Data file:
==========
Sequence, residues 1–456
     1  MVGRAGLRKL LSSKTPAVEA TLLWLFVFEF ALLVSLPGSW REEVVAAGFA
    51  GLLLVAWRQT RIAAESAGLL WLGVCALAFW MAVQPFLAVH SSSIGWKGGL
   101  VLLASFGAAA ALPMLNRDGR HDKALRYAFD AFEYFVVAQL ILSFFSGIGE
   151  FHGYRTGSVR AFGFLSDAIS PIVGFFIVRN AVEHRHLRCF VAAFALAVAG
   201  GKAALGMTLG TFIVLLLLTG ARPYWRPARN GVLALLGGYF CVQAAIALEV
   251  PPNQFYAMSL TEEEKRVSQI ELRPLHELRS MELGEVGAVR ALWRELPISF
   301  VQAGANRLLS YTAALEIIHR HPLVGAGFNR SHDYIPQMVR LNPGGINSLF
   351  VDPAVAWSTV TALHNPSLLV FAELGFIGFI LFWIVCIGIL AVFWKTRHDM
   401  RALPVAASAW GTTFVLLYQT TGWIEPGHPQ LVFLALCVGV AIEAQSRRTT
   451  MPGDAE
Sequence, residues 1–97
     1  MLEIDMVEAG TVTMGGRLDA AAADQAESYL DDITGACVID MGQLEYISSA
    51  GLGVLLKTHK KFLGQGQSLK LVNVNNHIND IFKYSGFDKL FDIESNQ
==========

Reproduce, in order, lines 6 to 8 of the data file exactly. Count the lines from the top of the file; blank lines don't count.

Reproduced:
   201  GKAALGMTLG TFIVLLLLTG ARPYWRPARN GVLALLGGYF CVQAAIALEV
   251  PPNQFYAMSL TEEEKRVSQI ELRPLHELRS MELGEVGAVR ALWRELPISF
   301  VQAGANRLLS YTAALEIIHR HPLVGAGFNR SHDYIPQMVR LNPGGINSLF